on Creativity with Susan Gloss
Susan Gloss‘ second novel came out early this year, and I’m happy to report that it was as fun to narrate as her first, Vintage. Both novels are set in her hometown of Madison, Wisconsin. Publisher Harper Collins calls it “a charming mid-western story of artists, inspiration, and how to reinvent your life with purpose and flair”, and I have to agree.
Since this book is largely about the tension between pursuing a career in the arts and the real life demands of creating a family, I’m so happy that Susan agreed to talk about her process and work with me.
KW: Do you have practices/rituals/habits that support your creative work?
SG: The one thing that is consistent whenever I’m in the drafting phase of a novel is that I have to leave the house to write. I have two little boys, so it’s impossible to get work done at home. Even when they are in school, I get distracted by all of the mundane household tasks that need to get done, like tackling Mount Laundry. I usually write in coffee shops and libraries.
KW: How do you fill your well?
SG: I crave alone time in which I’m not working. I also love to be outdoors, so my favorite ways to get alone time are taking long bike rides in the summer, and skiing in the winter. I did my first century bike ride (100 miles in one day) late last summer. It was glorious to be able to work my body, fill my soul, and clear my head all at the same time.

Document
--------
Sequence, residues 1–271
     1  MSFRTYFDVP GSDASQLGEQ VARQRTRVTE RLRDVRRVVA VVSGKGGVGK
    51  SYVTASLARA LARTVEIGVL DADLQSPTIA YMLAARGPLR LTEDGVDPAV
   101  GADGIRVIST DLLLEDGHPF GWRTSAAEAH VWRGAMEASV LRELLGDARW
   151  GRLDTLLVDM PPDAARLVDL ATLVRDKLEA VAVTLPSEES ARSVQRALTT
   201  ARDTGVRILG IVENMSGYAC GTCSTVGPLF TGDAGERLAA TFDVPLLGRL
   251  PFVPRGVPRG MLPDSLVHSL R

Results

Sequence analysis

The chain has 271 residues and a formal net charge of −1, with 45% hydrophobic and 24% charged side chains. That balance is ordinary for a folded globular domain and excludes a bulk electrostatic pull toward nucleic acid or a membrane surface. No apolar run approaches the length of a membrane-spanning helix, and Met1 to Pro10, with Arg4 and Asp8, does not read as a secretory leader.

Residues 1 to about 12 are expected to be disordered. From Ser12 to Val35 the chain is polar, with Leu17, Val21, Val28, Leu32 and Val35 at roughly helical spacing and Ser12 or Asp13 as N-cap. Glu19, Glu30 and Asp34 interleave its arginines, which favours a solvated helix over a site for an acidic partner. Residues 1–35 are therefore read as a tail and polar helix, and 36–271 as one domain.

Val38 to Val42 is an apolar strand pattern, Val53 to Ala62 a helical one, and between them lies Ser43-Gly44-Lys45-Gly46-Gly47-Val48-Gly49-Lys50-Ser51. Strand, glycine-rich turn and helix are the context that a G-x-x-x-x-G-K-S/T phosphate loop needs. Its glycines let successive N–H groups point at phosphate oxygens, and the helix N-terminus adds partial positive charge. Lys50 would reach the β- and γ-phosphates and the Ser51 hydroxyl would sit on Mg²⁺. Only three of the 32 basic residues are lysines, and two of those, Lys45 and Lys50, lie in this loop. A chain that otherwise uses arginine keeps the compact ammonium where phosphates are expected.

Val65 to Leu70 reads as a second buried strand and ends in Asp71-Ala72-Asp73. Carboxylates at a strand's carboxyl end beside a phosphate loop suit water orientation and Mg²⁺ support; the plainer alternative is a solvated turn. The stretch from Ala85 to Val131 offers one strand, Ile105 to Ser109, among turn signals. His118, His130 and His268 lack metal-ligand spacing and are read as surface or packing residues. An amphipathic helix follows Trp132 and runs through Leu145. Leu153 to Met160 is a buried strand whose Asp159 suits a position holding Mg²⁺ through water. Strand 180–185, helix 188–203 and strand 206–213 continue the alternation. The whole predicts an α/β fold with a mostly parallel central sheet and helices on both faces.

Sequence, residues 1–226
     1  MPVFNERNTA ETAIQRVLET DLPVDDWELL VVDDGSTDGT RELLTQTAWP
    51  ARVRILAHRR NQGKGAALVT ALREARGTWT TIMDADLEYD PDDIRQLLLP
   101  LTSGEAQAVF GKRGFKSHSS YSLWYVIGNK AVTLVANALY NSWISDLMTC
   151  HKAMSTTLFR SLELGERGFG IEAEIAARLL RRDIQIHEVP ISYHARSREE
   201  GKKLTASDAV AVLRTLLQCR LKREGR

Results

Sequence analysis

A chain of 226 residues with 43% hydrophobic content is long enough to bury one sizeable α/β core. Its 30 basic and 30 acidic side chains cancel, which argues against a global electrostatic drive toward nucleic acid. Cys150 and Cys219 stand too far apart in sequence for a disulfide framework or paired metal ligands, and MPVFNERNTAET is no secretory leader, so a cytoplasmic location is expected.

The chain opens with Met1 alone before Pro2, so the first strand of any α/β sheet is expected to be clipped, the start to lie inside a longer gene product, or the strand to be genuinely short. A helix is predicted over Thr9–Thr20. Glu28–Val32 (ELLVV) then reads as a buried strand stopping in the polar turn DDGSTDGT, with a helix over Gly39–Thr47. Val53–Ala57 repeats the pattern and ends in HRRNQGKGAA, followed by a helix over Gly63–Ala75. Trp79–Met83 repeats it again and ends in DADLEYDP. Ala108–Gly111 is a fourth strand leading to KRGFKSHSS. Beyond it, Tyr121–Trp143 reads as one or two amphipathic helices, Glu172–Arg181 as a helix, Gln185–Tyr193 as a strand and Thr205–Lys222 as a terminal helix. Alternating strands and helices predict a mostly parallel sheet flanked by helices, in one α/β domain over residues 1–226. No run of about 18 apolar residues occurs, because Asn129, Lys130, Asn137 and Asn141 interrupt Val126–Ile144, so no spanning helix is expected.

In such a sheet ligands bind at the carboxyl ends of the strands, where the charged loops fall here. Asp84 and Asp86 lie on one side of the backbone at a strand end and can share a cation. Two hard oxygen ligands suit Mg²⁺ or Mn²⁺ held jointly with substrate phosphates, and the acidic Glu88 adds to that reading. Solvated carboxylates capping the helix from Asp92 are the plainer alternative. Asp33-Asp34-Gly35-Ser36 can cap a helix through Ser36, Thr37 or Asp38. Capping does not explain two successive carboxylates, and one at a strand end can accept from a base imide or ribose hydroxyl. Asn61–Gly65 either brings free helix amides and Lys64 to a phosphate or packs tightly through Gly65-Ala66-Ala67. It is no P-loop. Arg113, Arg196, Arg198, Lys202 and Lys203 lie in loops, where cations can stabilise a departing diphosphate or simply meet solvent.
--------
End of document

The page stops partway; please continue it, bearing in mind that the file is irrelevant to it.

KW: If you have a day job, do you enjoy using your mind/body in that different way or is it an obligation that weighs on your creative work?
SG: I work part-time as an attorney. I definitely see my two jobs—lawyer and novelist—as different sides of the same coin. They compliment each other. Both jobs revolve around research and writing. My day job allows me to exercise the analytical part of my brain, while writing fiction allows me to be creative.
KW: Is the space in which you work important to you?
SG: Not especially. I can block out external noise pretty easily, even without headphones or anything. Side benefit of being a mom, I guess.
KW: Do you have multiple creative outlets in your life?
SG: In addition to writing, I also love cooking as a creative outlet. In the summer and fall, I belong to a CSA (community supported agriculture) farm, and we get a box of vegetables every week based on whatever is in season and currently being harvested. Having to figure out what do with, say, an abundance of eggplant and arugula is a fun creative challenge, not to mention delicious!
KW: Was there a moment when you felt like a “real” writer? Did it catch you by surprise?
SG: Seeing the cover design for my first book was when it started to feel “real.” I still am surprised and amazed when readers from other parts of the world tag me on social media. My first novel, VINTAGE, has been published in several foreign languages. It’s fun to see the wings my stories have grown.
Thank you for these insights into your life and career, Susan, and thanks to Harper Audio, who gave me digital copies of THE CURIOSITIES to give away.
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